For SaaS businesses, one of the critical wheels of the business is the subscription billing system. When you are ready to take your app to the market, you need a solution that will enable you to accept payments online. Some companies opt to build their own billing systems. However, the majority are choosing existing software. Unfortunately, when it comes to billing matters, there is no “one-size-fits-all” answer. Your unique circumstances should help you determine whether to build or buy.
But first things first. Let’s look at the importance of launching in a timely manner.
Importance of Timely (Fast) Launching
Unless you have a unique product in a market with no competition (which is highly unlikely), you should buy an existing billing solution. The time-to-market advantage is very crucial to the success of your business. According to discussion on HBR, one of the reasons product launches fail is delays in launching. Delays can give rise to more efficient and beneficial products, thus rendering your product obsolete. This is why it is important to move fast and get your app out in the market.
But more than the possibility of your solution being rendered obsolete at the time of launch or stiff competition, there are other factors you should consider when looking to buy or build a billing software. Below are some considerations:
a) Time to Build
Time is crucial when launching. You should consider how much time you have when weighing whether to build or buy. If you are about to launch and need a billing software in about 3 or so months, it makes sense to buy. The time it takes to build a billing system can ruin your business if you need to start selling right away.
In most software projects, there are unexpected delays. These delays can disrupt your launch schedule and affect the uptake of your SaaS service. When launching on time is critical, you don’t have the time for extended software deployment times. Go with a built system to avoid unexpected launch delays.
b) Cost to Build
Most startups operate with limited funds. Therefore, founders need to find the best way to allocate the funds for critical business processes and operations. Building your own billing system can be expensive. For example, you have to comply with various regulatory requirements such as PCI-compliance, cater for the cost of infrastructure like data centers and so on. For all these requirements, you will have to dig deeper into your capital, and in turn affect the allocation for other critical operations such as product development and customer care.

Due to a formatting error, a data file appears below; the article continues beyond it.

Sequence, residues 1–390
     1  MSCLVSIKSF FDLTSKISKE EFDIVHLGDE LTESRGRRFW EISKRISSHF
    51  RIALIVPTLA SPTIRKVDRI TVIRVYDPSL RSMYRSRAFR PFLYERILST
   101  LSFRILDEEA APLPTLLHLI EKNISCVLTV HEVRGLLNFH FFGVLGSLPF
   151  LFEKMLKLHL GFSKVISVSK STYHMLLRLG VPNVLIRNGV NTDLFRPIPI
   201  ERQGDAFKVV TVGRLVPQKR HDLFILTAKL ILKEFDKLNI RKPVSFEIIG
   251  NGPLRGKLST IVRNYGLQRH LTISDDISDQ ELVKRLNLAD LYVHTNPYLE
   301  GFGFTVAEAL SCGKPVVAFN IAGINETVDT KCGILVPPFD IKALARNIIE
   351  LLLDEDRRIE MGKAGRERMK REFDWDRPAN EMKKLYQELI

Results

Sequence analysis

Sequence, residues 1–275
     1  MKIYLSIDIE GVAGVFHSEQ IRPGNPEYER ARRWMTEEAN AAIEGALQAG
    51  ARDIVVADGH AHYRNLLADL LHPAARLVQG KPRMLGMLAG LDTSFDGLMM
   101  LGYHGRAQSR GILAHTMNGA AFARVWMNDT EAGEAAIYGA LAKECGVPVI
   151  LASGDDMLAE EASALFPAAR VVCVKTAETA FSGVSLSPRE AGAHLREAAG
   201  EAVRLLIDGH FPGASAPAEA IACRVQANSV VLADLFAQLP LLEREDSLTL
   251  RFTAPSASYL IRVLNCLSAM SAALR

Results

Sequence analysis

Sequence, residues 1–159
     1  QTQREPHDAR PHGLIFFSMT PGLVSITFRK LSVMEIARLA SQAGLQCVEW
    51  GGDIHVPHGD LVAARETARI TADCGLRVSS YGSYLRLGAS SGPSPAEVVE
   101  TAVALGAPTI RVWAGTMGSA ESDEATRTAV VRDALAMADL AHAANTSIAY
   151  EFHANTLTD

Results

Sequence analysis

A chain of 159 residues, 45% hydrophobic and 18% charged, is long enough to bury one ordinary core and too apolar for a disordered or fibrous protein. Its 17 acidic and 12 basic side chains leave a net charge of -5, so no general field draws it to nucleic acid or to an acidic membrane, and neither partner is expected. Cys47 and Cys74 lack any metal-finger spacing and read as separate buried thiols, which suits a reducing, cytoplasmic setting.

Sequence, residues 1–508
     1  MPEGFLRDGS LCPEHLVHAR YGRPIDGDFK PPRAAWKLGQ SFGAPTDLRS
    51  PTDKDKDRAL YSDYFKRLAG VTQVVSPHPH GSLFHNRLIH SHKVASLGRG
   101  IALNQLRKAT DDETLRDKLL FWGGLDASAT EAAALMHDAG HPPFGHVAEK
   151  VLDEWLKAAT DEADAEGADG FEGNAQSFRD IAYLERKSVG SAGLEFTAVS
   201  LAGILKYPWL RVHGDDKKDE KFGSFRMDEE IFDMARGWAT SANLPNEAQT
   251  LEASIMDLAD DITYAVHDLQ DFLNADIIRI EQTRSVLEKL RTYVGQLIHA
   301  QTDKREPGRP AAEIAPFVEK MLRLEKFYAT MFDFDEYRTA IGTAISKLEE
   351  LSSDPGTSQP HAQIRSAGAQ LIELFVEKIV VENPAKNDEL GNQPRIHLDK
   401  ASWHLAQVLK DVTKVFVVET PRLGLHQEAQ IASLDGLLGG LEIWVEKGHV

c) In-House Talent
If you have in-house developers, building a recurring billing system may seem viable. However, most startups start with lean teams without full time developers. And don’t think that your single developer will be able to handle all the work by himself. Thus, you will often need to hire more developers to crank out the code for the billing system.
The cost of paying fulltime in-house developers can eat into your capital. But more than just the financial implications of hiring fulltime developers, you will waste time interviewing, training and hiring new programmers.
d) Opportunity Cost
The opportunity cost of doing business also has to be factored in. Would you rather use an already-built system that is cheaper from the start or build your own software that can cost tens to hundreds of thousands of dollars to develop? Even if you already have in-house developers, there is still an opportunity cost. The time the developers will use to build the recurring billing software could have been used better for product development.
Why waste your time building a software that is already available in the market instead of concentrating on bettering your SaaS service?
e) Maintenance Cost
After you succeed with creating a recurring billing software, you will still need to maintain it. Regular updates and patches will be necessary to secure the software and ensure it is up to the recommended industry standards. You will also have to deal with downtimes, buggy code, conflicting integrations and so on. All these cut into your time and financial resources, deviating you from your core business.
Recurring billing almost always starts out simple. But things can get complex fast. Considering the impact that a billing system can have on how you start out and continue to grow, the benefits of buying far outweigh those of building, especially for startups or companies looking to keep their costs down.